Sila Nano-Composite Silicon Anode Increases Range & Reduces Charging Times
We first reported on Sila Nanotechnologies last May when the company announced it was beginning to produce its innovative silicon anode batteries at a factory in Moses Lake, Washington. Now almost a year later, the company says it expects to begin mass production in the second half of 2024 and will manufacture enough batteries to power one million vehicles over the next 5 years.
Sila says in a press release dated April 4 that a consumer survey it commissioned recently showed nearly 90% of respondents who own or intend to purchase an EV consider high performance battery technology as more valuable than other tech enhancements or luxury features, including autonomous driving capabilities.
“Graphite anodes and simple silicon compounds (Si, SiO, SiO2 ) for lithium ion batteries have reached their energy limit, which stifles EV performance,” the company says.
“In contrast, Sila solutions deliver the EV experience drivers want to reduce anxieties around range and charge time. For automakers who want longer range, Titan Silicon can deliver a 20% increase in range today, which could be up to 100 extra miles for some EVs, with a development runway to double those gains in future releases.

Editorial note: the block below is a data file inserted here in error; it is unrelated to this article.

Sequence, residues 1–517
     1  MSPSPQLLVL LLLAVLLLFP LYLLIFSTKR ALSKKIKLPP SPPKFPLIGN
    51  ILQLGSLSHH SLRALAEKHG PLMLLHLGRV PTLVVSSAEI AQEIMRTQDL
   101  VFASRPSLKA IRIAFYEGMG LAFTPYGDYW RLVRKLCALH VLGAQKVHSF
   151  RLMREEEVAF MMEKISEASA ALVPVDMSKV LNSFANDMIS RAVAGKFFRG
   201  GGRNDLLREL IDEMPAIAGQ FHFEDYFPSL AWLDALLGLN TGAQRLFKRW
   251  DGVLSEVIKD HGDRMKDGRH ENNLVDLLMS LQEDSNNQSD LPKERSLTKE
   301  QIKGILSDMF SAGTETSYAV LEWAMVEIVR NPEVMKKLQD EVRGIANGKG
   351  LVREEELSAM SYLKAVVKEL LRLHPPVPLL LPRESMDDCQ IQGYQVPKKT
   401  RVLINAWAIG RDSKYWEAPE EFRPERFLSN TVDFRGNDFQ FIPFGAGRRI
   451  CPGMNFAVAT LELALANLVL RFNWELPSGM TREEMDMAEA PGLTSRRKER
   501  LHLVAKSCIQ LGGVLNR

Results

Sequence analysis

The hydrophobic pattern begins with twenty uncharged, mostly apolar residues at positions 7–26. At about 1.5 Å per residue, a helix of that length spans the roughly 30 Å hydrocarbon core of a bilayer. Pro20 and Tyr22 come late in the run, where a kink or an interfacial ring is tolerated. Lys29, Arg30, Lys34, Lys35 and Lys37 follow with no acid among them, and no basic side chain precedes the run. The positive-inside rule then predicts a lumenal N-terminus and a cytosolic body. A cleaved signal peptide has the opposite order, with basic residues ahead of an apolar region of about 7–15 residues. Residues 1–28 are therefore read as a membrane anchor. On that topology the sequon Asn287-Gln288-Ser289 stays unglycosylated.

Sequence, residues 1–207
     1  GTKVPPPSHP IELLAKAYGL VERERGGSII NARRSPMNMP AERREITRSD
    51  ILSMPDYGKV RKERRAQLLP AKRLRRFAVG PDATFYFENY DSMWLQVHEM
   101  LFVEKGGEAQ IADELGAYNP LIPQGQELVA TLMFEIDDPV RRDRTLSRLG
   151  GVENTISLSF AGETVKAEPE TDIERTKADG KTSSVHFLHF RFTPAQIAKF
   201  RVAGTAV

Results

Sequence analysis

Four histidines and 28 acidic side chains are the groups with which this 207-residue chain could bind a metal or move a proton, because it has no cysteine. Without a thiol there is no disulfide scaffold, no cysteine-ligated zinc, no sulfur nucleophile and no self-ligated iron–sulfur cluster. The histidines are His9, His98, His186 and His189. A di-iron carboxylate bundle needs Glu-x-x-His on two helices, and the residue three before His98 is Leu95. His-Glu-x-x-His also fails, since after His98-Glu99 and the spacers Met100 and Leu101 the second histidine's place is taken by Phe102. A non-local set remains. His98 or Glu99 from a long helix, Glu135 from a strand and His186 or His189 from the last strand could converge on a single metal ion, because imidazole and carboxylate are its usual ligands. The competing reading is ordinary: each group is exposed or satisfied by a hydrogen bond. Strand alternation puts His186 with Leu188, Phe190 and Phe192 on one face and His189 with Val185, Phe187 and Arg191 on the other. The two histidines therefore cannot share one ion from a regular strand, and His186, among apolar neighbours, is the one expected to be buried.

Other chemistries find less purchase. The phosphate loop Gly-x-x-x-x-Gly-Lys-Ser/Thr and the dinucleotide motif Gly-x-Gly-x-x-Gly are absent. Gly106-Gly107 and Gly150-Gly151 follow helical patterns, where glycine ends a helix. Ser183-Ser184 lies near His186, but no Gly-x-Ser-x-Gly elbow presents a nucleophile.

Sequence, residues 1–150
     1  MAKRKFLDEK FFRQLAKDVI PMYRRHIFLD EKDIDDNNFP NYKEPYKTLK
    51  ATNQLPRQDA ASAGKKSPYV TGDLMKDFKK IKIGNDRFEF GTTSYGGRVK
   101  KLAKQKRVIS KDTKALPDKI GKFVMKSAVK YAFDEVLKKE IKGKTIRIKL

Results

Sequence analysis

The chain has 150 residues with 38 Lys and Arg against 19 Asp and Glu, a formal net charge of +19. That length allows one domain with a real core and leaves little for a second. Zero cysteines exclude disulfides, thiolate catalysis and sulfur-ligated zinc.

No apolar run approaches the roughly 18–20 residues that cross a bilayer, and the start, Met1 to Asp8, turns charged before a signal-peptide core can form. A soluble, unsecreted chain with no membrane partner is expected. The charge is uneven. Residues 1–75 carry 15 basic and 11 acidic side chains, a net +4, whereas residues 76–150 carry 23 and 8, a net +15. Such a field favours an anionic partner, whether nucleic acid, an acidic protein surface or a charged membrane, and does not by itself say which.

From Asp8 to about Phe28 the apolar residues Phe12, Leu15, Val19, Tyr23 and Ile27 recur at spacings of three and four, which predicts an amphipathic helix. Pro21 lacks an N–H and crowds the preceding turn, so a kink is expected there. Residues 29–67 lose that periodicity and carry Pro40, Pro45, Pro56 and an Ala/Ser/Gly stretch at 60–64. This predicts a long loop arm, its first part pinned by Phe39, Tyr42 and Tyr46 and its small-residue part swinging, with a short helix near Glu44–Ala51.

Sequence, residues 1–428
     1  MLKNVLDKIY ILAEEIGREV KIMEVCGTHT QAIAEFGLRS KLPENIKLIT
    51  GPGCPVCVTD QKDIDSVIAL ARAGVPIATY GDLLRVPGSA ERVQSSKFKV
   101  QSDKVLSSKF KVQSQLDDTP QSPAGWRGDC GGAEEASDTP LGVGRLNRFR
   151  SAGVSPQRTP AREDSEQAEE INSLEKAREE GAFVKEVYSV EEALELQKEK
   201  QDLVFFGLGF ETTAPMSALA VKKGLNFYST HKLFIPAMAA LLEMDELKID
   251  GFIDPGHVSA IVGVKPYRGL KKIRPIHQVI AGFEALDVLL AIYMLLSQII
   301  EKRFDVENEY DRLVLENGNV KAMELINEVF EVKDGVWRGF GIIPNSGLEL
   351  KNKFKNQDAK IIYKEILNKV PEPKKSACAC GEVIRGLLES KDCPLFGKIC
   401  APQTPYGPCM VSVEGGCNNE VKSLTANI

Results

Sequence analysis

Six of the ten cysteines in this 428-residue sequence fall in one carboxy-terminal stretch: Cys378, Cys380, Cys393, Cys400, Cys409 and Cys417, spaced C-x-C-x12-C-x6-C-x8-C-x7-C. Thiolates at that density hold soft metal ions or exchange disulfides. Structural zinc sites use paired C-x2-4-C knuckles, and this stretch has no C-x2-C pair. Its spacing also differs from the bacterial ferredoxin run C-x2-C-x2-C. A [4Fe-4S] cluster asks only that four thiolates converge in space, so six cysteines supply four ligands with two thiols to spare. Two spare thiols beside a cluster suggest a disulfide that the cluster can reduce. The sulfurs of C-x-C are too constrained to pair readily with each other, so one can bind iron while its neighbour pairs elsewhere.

“Titan Silicon can also dramatically improve battery charging time, charging a battery from 10% to 80% in just 20 minutes — even if your charge time is currently as long as 60 minutes. Future releases will reduce that time to approximately 10 minutes, a standard similar to refilling a gas tank. Notably, Titan Silicon achieves these gains without sacrificing cycle life or safety while maintaining low swell — comparable to graphite anodes. Also with Titan Silicon, automakers can benefit from up to a 15% reduction in battery weight and 20% increase in space, enabling higher vehicle efficiency and the addition of innovative designs and features.”
Gene Berdichevsky, co-founder and CEO of Sila, said “Titan Silicon is the highest performing nano-composite silicon in the market today. Our battery and materials teams are constantly iterating and improving upon our chemistry to deliver the best, and most cost-efficient results possible. With the wide adoption of EVs, consumers are looking for best in class solutions that deliver best in class performance, and our solutions provide just that — longer range and faster charging.”